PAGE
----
The tree grape is a slow-growing succulent with a huge swollen
trunk (caudiciform). These plants occur in Namibia where they are
exposed to very dry and hot conditions. Wild
grapes have therefore evolved and adapted very well in order to
survive. The presence of white, drooping, papery pieces of bark
on the yellow green stems is very typical of this species. In summer
this helps to reflect away the sunlight in order to keep the plant
cool. The thick, fleshy stem and leaves act as water reservoirs
in times of drought. A fully grown plant can measure up to 2 m.
Leaves are large, shiny, ovate, fleshy and toothed and fall off
during the winter months. Flowers are inconspicuous, but the large
grape-like bunches of bright wine-coloured berries near the end
of summer make this succulent a true showpiece for container and
Growing Cyphostemma juttae
Cyphostemma juttae is a very sought-after plant for the
garden, as are other caudiciform plants such as baobabs, adeniums
and tylecodons. They make superb container or open garden subjects
in and around the garden, especially around swimming pools and courtyards.
Because this species grows mainly in the summer, plants must be
kept dry during the colder winter months. They are ideal accent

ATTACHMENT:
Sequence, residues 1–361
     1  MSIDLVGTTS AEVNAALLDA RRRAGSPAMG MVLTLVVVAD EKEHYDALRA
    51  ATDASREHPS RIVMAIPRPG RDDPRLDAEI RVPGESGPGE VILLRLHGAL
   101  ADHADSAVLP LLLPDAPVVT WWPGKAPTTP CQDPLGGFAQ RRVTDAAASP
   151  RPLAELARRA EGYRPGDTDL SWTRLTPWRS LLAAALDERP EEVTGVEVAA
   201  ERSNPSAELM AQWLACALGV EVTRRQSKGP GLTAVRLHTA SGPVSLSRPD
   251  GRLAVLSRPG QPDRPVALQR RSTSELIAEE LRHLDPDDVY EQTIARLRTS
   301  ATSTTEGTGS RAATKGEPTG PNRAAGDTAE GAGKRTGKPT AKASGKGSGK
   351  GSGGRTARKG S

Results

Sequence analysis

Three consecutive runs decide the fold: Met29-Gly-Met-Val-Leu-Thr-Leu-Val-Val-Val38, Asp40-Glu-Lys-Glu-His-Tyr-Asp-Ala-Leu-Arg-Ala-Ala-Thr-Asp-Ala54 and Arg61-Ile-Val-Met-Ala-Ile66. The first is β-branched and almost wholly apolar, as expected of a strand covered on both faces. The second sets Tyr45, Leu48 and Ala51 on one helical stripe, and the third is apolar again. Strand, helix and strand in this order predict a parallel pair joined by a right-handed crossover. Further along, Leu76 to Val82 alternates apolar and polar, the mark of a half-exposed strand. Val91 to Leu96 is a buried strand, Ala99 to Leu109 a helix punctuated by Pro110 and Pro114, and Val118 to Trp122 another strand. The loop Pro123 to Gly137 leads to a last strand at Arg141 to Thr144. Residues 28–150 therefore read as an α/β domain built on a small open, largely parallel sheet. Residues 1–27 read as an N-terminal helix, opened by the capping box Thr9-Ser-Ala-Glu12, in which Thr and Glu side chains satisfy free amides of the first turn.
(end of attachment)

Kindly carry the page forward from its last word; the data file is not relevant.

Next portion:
plants for a rockery, or may be planted in a large container on
a sunny protected patio.
plants fare best in a loamy or sandy soil where drainage is optimal.
Adding plenty of river sand and general compost will greatly improve
drainage in heavy clay soils. Soil quality can also be improved
dramatically by lightly working some bone meal into the soil. Although
smelly, the effect on soils is quite remarkable. As a rule of thumb,
use only organic products, such as those based on seaweed extract,
especially if plants are going to be fed on a regular basis. Organic
products won't burn or damage plants.
As with all succulents one must be careful not to over-water. These
plants can survive with very little water and too often plants die
as a result of too much water. If one lives in a very wet area,
it is best to rather keep plants in big containers where they can
be easily moved to a sheltered place. This also helps where severe
frost occurs as cypostemmas are not completely resistant to frost.
The seeds of Cyphostemma juttae can be sown in winter. (June
to August). Although they take a considerable time to germinate,
success is almost guaranteed. Propagation can also be undertaken
by means of cuttings. Cuttings or truncheons can be made in coarse
river sand. Again it is important to water with caution especially
when cuttings have rooted.
- BARKUIZEN, B.P. 1987. Succulents of southern Africa.
Purnell, Cape Town.
- JOFFE, P. 1993. The gardeners guide to South African plants.
Tafelberg, Cape Town.
Karoo Desert National Botanical Garden